You know you've arrived at a real inflection point when fashion, politics, and the urban intelligentsia collide. In New York, Carmen Dell'Orefice (81) adorns promotional banners and blogs during the run-up to the Fall Fashion shows. At the 92nd Street Y on Manhattan's Upper East Side, Mayor Koch (87) and former Fed Chairman Paul Volker (84) lead a talk to "share relevant information and wisdom" for NYC's unofficial intelligentsia. And in The Villages, Florida - the self-proclaimed "friendliest retirement hometown" -- a newly-minted Paul Ryan enters stage right with his vibrant mother (78) to declare how he and Governor Romney plan to "save Medicare."
This unlikely collision of Fashion Week, the fashionable Manhattan Y, and the impossibly unfashionable "retirement communities" of the Sunshine State speak of a larger cultural shift that is upon us. In this young century, we are witnessing a new old. We are witnessing the emergence of a new aging process where people remain healthy, active, and productive -- not to mention beautiful, smart, and politically savvy -- into their 60s, 70s, and 80s.
So it's no wonder that this new kind of aging -- and its impact on Medicare -- has become a watershed issue of the 2012 Presidential campaign. But for all the speeches delivered by the politicians and all the ink spilled by the cognoscenti, everyone is missing the point. It's not that the 77 million Baby Boomers in the U.S. are going to bankrupt Medicare. The point is just the opposite. However ironic it may seem, this new, gigantic aging cohort is going to save the social insurance program.
How, indeed, can the explosive demand brought by the unprecedented aging of the American population save a program that pays out to the aging?
Fully embraced, an active, productive aging is creating and will continue to create a culture shift in which "seniors" break out of traditional roles of "need" and "dependency" and become vibrant producers in our society. No longer the automatic recipients of government welfare -- and popular pity and condescension -- healthy, vital seniors will remain at the heart of social and economic life and spare the precious federal insurance dollars for those really in need. This is not FDR's or LBJ's aging population, and we shouldn't treat it as such.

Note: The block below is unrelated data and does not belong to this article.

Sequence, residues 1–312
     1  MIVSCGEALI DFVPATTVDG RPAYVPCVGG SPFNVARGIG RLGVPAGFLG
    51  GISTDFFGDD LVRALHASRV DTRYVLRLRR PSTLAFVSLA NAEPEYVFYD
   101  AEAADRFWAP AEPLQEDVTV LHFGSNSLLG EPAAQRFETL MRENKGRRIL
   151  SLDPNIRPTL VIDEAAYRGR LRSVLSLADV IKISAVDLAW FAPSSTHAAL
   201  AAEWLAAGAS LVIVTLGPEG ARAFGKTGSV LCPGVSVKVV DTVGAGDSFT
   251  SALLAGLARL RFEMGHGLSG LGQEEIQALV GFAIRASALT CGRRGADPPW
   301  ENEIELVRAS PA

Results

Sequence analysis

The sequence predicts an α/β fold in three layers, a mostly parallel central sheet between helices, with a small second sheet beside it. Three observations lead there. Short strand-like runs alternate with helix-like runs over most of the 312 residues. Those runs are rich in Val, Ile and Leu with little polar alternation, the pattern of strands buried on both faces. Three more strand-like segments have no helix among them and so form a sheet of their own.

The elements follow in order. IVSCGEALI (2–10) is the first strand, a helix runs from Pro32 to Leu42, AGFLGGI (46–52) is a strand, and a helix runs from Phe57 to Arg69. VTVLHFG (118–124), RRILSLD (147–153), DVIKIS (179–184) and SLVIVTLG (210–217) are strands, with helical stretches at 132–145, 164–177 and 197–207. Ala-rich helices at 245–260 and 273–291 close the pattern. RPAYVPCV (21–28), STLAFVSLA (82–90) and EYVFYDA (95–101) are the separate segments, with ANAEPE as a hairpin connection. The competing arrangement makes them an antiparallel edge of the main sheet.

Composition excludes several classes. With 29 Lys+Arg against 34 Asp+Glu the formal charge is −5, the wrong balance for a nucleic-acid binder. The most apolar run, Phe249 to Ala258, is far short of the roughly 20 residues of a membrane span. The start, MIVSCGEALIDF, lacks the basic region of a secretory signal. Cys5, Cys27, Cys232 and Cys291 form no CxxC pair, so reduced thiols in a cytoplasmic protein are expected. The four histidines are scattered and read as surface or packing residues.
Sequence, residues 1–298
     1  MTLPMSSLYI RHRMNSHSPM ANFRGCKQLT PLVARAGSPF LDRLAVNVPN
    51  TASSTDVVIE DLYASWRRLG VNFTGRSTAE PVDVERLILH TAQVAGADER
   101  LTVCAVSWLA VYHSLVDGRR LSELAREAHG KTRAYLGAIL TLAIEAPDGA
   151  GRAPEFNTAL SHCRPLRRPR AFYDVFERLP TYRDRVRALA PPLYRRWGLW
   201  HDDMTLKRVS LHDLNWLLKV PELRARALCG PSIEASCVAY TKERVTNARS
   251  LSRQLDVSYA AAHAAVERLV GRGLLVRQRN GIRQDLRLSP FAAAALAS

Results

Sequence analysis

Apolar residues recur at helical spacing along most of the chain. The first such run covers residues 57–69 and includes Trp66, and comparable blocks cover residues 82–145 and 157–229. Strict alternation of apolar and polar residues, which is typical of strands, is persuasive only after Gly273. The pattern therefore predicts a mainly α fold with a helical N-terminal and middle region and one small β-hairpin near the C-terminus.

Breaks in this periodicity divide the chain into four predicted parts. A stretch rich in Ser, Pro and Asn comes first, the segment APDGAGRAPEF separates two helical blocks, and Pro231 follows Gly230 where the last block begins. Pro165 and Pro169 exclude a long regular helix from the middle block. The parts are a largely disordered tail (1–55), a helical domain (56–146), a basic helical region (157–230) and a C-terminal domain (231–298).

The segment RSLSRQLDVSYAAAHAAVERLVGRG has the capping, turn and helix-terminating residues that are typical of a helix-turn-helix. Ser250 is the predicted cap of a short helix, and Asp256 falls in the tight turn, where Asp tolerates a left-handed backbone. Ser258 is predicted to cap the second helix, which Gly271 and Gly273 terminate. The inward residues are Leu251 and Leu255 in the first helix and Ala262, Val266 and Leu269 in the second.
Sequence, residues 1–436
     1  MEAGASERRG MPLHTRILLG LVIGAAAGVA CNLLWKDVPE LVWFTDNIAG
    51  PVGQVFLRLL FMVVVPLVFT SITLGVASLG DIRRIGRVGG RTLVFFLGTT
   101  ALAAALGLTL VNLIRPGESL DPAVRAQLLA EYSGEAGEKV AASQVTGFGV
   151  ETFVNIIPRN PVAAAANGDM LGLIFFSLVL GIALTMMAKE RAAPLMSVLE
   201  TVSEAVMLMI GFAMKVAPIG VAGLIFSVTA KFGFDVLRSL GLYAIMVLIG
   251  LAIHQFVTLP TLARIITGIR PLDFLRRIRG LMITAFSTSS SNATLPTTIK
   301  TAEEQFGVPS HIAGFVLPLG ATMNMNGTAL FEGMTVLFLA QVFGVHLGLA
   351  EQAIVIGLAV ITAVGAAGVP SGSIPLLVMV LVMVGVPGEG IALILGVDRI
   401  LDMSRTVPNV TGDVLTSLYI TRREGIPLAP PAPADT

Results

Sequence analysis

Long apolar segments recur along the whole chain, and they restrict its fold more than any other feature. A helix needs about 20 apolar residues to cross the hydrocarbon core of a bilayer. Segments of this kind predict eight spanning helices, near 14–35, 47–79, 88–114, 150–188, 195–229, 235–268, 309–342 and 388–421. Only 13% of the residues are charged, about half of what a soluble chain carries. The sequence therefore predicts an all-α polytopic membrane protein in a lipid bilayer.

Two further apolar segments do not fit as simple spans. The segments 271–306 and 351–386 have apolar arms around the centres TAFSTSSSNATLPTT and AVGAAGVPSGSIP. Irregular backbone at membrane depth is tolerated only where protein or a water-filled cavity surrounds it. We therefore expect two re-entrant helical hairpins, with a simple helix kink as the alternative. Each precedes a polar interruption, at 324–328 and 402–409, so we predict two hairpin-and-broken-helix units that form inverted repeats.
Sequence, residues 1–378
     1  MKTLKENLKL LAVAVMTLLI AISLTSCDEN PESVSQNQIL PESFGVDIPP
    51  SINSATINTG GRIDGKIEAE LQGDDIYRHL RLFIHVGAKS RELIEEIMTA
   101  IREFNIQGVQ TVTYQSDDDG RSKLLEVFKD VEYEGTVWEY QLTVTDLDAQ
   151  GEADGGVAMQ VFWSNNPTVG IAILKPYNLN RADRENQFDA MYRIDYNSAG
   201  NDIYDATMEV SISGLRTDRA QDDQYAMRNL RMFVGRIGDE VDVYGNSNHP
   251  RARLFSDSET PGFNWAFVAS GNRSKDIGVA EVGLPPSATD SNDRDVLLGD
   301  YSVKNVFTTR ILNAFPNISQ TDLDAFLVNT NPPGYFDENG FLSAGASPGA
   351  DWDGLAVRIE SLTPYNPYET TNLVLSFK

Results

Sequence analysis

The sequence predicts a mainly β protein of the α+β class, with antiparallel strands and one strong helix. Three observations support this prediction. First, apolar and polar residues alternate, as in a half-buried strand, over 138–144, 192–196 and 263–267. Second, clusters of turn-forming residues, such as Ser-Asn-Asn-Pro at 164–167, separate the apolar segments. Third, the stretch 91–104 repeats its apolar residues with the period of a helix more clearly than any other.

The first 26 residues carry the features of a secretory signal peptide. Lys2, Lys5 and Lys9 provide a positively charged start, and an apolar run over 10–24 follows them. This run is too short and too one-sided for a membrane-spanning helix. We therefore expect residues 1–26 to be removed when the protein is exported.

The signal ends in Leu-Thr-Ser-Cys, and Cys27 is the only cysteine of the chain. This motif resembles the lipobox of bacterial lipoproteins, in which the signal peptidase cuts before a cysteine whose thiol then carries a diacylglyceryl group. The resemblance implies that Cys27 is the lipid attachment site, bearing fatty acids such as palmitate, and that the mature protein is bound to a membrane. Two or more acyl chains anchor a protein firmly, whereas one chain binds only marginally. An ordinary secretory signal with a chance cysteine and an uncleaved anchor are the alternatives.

But this transformation of aging isn't just culturally liberating. It's also economically essential. In the United States, there will soon be more people over 65 than under 15. So we're not just witnessing a new kind of aging; we're seeing the emergence of a new kind of society, one where older adults outnumber children. From both a social and a financial point of view, how can we look these demographic realities in the eye and not re-think how we provide healthcare and other essential services to the aging?
When Medicare was created in 1965, only 10 percent of Americans were over 65 and eligible. Today, this number has crept to 13 per cent, and by 2030 it will reach 20 per cent. No matter your political bent, this arithmetic is irrevocable.
An older America, however, need not be an obituary for Medicare. In fact, if we embrace this progressive, optimistic view of aging, the purported Medicare crisis becomes an opportunity. It is no secret that the American economy is in rough shape right now, and something substantial needs to change in order to jumpstart growth. The cultural change that is going to save Medicare is the same changes that put the U.S. economy back on track. If older adults remain at the heart of social and economic life, then the U.S.'s largest population segment will become the U.S.'s "demographic dividend."
Economists and demographers often refer to the "demographic dividend" as the working-aged population that is driving economic growth. For the past couple of decades, much of Asia, for example, is seen to have a demographic dividend because its 18-to-55 population is far larger than the over-55s. But this culture shift that overtaking fashion week and presidential politics reveals that the U.S.'s aging population is its demographic dividend.
Fundamentally, our current political dialogue has the Medicare issue completely backwards. It's not just that Medicare needs to change in order to survive in an era of an older society; it's that our idea of aging itself needs to change in order to allow Medicare to survive.